The beginning of a new year is always a good time to rethink your travel rewards strategy—but never more so than 2021.

With the travel industry experiencing continued disruption from the coronavirus pandemic and hamstrung vaccine rollouts threatening to extend border closures even longer than expected, airlines and hotels are offering unprecedented deals to secure business (and loyalty) in the months to come.

The industry-wide uncertainty makes for unique considerations in the points and miles game.

First, it’s easier than ever to amass points. Second, there’s value in spending them—even if it’s with speculative travel plans. Finally, don’t get bogged down in the elite-status game. Most airlines and hotels have extended the expiration dates of their points, elite status, and other perks such as upgrades and free reward night certificates by several months, or even a year. All of that gives you some breathing room to put them to use later on. In the meantime you can play the field and maximize your rewards in other ways.

Here are some of the questions to ask and the steps to take, whether you are already sitting on a store of airline miles and hotel points, or just getting into the loyalty game.

Take advantage of historic credit card deals
Consumer spending has both shrunk and shifted in the past year—less entertainment and travel, more home improvement and grocery purchases—leading many to reconsider which plastic is in their wallet.

To attract new customers, issuers began offering some of the highest sign-up bonuses ever for travel rewards cards: 80,000 points for the popular Chase Sapphire Preferred and 100,000 miles for the Capital One Venture Rewards card, for instance. Banks also attempted to retain existing cardholders by adding new bonus categories and statement credits to certain cards.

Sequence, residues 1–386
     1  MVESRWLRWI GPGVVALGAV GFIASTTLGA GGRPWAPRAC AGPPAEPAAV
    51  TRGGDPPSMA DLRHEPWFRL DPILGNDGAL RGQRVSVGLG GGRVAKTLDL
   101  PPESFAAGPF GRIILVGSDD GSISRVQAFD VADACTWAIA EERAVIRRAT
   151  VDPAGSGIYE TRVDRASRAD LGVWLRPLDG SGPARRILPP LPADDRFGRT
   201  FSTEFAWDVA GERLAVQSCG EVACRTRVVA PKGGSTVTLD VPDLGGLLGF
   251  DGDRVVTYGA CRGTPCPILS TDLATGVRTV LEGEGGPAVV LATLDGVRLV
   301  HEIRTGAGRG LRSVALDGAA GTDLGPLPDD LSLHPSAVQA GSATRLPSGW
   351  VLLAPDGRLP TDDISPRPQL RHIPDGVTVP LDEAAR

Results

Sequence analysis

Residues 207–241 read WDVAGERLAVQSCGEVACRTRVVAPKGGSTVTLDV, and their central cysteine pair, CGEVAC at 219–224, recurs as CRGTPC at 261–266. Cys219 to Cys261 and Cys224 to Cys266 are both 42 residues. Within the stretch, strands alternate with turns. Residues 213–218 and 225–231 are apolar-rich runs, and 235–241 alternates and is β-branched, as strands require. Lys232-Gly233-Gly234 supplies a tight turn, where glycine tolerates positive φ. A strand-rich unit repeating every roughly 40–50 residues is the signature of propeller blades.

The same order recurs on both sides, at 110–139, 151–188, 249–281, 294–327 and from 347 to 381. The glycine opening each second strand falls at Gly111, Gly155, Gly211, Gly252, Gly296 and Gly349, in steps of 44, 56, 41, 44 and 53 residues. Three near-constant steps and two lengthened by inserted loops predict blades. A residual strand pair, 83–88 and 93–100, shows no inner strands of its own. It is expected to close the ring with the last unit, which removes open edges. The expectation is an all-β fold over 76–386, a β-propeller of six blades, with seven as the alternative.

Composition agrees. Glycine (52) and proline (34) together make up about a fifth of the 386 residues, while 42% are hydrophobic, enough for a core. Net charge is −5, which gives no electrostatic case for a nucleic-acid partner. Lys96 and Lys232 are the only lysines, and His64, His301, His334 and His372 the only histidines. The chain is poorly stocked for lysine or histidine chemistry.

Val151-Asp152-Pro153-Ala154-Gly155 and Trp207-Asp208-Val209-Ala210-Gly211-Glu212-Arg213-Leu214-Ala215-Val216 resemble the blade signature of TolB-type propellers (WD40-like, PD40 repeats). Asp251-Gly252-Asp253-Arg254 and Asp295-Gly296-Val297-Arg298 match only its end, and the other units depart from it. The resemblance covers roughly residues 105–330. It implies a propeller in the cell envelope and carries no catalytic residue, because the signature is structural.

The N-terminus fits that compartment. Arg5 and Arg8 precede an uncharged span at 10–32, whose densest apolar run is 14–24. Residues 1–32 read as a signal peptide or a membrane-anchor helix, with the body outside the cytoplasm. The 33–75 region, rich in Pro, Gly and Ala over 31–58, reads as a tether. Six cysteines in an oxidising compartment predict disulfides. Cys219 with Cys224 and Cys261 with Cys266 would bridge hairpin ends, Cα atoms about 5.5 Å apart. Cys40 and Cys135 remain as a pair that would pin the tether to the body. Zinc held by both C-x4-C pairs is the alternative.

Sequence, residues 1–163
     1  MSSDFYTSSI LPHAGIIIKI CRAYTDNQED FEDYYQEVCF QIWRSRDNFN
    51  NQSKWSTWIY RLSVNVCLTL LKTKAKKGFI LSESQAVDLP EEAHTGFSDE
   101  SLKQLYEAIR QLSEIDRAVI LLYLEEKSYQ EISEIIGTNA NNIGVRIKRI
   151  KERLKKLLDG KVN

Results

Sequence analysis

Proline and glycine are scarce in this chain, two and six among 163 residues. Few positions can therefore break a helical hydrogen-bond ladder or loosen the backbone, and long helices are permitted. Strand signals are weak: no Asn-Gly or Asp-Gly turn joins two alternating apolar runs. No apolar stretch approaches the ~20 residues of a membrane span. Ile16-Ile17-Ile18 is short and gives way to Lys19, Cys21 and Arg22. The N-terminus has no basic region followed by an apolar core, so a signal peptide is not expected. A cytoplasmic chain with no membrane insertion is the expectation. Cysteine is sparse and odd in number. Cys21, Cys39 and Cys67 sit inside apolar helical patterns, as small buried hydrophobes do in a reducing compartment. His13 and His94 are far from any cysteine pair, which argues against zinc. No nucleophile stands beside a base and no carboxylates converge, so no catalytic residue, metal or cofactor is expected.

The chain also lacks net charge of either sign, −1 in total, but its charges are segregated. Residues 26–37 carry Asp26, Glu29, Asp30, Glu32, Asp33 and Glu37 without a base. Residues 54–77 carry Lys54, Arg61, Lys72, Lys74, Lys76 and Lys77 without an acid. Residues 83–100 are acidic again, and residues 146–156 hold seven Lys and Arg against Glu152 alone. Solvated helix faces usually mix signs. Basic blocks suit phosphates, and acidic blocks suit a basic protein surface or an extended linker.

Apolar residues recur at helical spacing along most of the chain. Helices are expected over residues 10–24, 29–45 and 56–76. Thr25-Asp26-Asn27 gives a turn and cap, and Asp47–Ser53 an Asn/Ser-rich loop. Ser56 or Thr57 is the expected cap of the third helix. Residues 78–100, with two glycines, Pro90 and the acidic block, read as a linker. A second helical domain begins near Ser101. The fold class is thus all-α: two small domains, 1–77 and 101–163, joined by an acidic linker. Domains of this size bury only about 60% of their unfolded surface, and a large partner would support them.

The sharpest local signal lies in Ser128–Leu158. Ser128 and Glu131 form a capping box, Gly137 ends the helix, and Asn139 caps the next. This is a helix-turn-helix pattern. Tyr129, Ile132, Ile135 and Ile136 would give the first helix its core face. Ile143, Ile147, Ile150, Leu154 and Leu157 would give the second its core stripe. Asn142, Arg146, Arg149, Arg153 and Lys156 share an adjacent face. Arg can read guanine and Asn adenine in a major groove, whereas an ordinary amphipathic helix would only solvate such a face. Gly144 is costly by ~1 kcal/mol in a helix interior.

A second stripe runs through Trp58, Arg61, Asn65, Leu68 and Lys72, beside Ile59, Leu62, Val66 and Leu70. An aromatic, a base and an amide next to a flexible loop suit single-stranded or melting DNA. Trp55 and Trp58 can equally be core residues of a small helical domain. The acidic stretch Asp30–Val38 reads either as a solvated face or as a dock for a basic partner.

“This is a great time to look at what cards are available, and think about a 6-to-12-month strategy that mixes large sign-up bonuses along with cards that are going to be great for your everyday use,” says Scott Mayerowitz, executive editorial director of the Points Guy.

The Platinum Card from American Express is a perfect example. The card fields an unparalleled roster of travel-related perks, including Gold elite status with both Marriott Bonvoy and Hilton Honors, $200 in airline incidental fee credits each year, a Global Entry or TSA PreCheck application credit, and access to Centurion Lounges, Delta Sky Clubs, and Priority Pass lounges at airports.

To compensate for the fact that these benefits are less relevant in the midst of a pandemic, Amex is currently offering one of the Platinum Card’s most lucrative introductory bonuses ever: 75,000 bonus points after spending $5,000 on purchases within the first three months, plus 10 points per dollar on up to $15,000 of purchases at U.S. supermarkets and gas stations within the first six months. Maxing those out would yield 230,000 bonus points—enough for multiple international business or first class tickets if used smartly.

“They’re trying as hard as possible to say that, yes, there’s still value in a card that costs you $550 per year, even if you’re not traveling,” says Mayerowitz.

In addition to its usual bonus categories of dining and travel, the Chase Sapphire

Reserve now earns three points per dollar (instead of the usual one) on up to $1,000 of grocery purchases each month through April 30 in addition to its normal bonus categories of travel and dining. Other new benefits include DoorDash, Grubhub, and Peloton discounts, and the (temporary) ability to spend the $300 in annual travel credits on groceries or gas—a way to let members amass points for future trips while retaining relevance now.

These types of perks have also been rolled out among specific airline and hotel co-branded cards, which typically only earn bonus miles or points per dollar on spending with their particular company. If you haven’t already, log into your credit card account and check which offers you can leverage to earn a hoard of points for future trips.

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